Bo Wilson finds arm slot, home at Kentucky
His whole life, Bo Wilson wanted to be just like his father and be an Air Force fighter pilot.
Wilson followed in his father’s footsteps after high school in Brandenburg, Ky., going to the Air Force Academy to continue his education and pitch collegiately.
A mechanical engineering major, Wilson spent two seasons at the Air Force Academy, before his dream was crushed. He failed a depth perception test, required for pilots following his sophomore year.
After his junior season, he would have been committed to five years of active duty, for a total commitment of nine years, without the option to become a pilot, his lifelong goal.
With his dream shattered and his goal of following in the footsteps of his father no longer an option, the NCAA granted a waiver that allowed Wilson to transfer to his home-state school, play for the Wildcats immediately, and have two seasons of eligibility remaining.
“It was definitely a dream crushed,” Wilson remembered. “That is what I’ve wanted to do my whole life. That is what my dad did. It was a little bit of a blow at first and it took a few days to let it sink in, think about my options. I definitely could have stayed there, continued studying engineering. There are multiple other jobs in the Air Force that I could have done, but I decided I wanted to come back a little closer to home and study here with my brother as well.”
After appearing in 48 games over two years with Air Force, Wilson had a strong fall practice season in 2014 and positioned himself to be a member of the UK bullpen as a junior.
Armed with a low, ¾ arm slot, Wilson was a weapon at the AFA in attacking right-handed hitters. After appearing in his first career SEC game vs. No. 20 Mississippi State, UK head coach Gary Henderson had an idea.
“He brought it up in the spring and we talked about moving to submarine arm slot,” Wilson said. “I wasn’t very interested at first. When we were at LSU, on Thursday night practice, he called me down to the bullpen and said let’s try this. I threw a few pitches and we started focusing on that in the bullpen for a few weeks. I got more and more comfortable with it.”
It took Wilson a little over a month to get comfortable with his new delivery, before becoming a major weapon for Henderson and the UK bullpen in late April and into May.
A 5-foot-11, 180-pound right-hander, Wilson appeared in seven games over the remainder of the year, not allowing a run and getting key outs vs. Florida, Vanderbilt, Missouri and Auburn.
Overall, Wilson – who earned consistent praise for his fearlessness and toughness on the bump – had a 0.82 ERA with a save in 11 games in 2015.
“I have always tried to be tough,” Wilson said. “My dad and I would talk about that. I’ve always been undersized, whether its baseball, basketball or football. So you have to be more hard-nosed than the guy across from you. Toughness doesn’t get enough credit in pitching. Out at Air Force, I got a good taste of that. I didn’t have the best stuff, but if you attack every pitch and every hitter then things usually go your way.”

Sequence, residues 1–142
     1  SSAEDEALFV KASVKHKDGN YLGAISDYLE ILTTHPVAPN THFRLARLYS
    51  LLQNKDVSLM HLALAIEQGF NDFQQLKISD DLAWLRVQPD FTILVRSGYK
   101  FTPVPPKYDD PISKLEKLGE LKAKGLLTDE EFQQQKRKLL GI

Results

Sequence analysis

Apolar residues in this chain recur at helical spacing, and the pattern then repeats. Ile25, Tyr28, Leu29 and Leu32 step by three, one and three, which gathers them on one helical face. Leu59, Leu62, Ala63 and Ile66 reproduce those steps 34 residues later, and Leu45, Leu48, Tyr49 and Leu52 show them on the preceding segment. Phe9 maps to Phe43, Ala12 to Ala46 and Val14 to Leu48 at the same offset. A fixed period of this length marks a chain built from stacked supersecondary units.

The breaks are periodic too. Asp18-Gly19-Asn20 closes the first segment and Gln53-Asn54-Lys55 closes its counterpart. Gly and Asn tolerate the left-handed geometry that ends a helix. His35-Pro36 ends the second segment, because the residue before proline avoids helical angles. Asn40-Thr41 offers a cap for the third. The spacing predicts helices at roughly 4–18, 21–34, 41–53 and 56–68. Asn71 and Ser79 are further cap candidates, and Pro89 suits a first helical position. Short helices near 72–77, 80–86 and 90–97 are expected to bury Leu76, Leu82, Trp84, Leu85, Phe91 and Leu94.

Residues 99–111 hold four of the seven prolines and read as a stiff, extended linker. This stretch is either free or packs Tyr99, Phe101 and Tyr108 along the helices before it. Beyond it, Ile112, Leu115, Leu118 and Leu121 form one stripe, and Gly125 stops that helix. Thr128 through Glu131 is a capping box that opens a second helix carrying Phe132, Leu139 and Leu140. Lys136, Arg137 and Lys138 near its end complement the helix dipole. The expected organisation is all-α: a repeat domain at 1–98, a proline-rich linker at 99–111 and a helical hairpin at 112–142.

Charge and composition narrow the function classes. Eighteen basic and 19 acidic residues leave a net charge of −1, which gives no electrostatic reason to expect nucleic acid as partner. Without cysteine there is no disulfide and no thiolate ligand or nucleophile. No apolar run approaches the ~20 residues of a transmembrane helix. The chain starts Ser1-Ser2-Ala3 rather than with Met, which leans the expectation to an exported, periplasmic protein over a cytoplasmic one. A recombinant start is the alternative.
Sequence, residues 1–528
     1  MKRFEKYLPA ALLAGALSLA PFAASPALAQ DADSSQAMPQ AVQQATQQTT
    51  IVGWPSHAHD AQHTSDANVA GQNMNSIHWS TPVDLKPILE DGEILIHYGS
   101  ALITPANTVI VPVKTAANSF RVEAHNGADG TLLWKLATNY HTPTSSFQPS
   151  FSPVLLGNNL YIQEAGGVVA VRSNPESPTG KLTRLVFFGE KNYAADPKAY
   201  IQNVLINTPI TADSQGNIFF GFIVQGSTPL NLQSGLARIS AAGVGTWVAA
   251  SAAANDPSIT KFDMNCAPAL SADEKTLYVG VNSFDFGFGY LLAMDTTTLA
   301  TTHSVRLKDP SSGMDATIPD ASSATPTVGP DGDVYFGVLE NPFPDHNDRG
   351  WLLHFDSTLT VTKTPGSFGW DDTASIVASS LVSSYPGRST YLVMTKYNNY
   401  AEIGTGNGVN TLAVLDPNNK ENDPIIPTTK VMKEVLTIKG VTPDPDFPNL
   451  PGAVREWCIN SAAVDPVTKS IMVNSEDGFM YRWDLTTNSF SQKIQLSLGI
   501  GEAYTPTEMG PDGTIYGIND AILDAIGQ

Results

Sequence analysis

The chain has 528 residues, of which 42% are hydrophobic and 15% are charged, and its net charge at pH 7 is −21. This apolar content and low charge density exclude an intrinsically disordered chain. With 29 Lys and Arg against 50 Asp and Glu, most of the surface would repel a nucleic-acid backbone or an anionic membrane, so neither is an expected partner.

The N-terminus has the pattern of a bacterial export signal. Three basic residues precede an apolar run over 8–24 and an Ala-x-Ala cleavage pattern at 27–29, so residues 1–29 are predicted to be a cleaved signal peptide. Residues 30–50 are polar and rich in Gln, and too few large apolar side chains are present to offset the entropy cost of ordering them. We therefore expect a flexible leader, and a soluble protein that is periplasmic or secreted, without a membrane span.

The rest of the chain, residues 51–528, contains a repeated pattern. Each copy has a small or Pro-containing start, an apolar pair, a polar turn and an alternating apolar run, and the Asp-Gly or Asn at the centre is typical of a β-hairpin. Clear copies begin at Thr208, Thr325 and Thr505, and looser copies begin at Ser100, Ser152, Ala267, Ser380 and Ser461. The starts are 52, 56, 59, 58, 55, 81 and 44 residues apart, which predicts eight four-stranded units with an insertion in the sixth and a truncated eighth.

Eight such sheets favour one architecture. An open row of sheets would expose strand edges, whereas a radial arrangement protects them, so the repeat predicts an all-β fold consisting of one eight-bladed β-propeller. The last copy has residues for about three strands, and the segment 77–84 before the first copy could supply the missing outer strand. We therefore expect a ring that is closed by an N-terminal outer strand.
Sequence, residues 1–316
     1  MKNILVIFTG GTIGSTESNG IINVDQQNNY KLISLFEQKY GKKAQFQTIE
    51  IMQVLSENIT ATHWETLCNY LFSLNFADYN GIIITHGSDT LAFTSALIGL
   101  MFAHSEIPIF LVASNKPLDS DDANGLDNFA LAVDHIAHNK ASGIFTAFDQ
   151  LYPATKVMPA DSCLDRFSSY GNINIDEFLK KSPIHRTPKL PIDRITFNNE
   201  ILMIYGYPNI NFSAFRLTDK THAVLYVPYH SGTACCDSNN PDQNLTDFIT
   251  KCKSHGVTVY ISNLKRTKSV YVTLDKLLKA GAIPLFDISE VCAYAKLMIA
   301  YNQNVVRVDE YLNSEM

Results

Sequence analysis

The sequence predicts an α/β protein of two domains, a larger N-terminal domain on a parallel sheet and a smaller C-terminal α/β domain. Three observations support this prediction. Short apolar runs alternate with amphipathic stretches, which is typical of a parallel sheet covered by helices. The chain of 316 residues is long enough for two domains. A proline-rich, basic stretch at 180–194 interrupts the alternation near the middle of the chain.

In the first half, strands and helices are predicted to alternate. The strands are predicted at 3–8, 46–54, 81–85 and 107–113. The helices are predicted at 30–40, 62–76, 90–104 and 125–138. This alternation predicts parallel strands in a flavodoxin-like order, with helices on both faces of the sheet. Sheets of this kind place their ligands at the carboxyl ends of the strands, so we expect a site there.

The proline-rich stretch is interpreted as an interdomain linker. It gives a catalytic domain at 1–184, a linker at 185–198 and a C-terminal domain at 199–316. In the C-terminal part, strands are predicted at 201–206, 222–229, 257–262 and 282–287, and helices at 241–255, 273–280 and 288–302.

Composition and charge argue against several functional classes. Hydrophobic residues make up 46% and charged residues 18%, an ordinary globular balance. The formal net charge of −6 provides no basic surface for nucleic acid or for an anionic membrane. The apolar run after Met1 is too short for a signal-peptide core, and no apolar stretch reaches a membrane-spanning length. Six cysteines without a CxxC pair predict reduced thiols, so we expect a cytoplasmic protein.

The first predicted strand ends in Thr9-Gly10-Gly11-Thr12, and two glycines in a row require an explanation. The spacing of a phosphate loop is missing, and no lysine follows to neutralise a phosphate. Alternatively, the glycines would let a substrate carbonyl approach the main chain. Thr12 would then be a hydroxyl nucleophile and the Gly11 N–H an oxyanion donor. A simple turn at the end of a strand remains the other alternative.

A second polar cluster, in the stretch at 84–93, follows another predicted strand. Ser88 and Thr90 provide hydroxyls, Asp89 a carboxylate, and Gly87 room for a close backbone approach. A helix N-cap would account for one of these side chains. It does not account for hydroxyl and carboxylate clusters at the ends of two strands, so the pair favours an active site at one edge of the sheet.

Now as a season veteran of a pair of baseball programs, Wilson will helped anchor a UK bullpen in 2016 that features returnees Zach Logue, Dylan Dwyer, Zach Strecker and Logan Salow.
“We return so much experience in the bullpen, and obviously with our whole starting rotation back, that too,” Wilson said. “But with so many weapons in the bullpen, we can turn to any guy, on any day, even if a couple of guys are having an off day, our depth is almost endless. It takes a lot of pressure off the rest of the guys. Just go out and perform and do you job.”
After experiencing the Southeastern Conference for the first time as a junior, Wilson is more prepared for the grind of the nation’s best conference.
“I have a lot better understanding of what to expect,” Wilson said. “Coming from the Mountain West to the SEC was a big jump. I thought I had an understanding of it but you can’t really wrap your head around it until you are in the middle of it. Now that I know what it is like, that changes my whole approach quite a bit.”
Wilson’s time at the Air Force Academy helped him grow into a well-rounded, thoughtful and hard-working man who has the utmost respect of his teammates.
“Those years were very integral,” Wilson said. “I feel like I was there for a reason, grew as a man. It is a different mindset, being in the military and having a lot more responsibilities. It definitely gives you a different perspective. You get a better idea of the whole world and the part you can play in it.”
An interesting dynamic for Wilson arrived in 2016 as well, as his former recruiting coordinator at AFA, Toby Bicknell, replaced Brad Bohannon on the UK coaching staff over the preseason. In addition, another former AFA left-handed hitter Zach Reks has fought his way into the UK outfield rotation with a strong performance in the fall.
“If you would have told me that I would be playing at Kentucky four years ago I would have laughed in your face,” Wilson said. “Then much less to say that you, your classmate and teammate, Zach, and then Coach Bicknell are also going to be at Kentucky. I would have said you are crazy. It is a cool dynamic that was unforeseen but very fortunate for us.”
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2016 Season Tickets:
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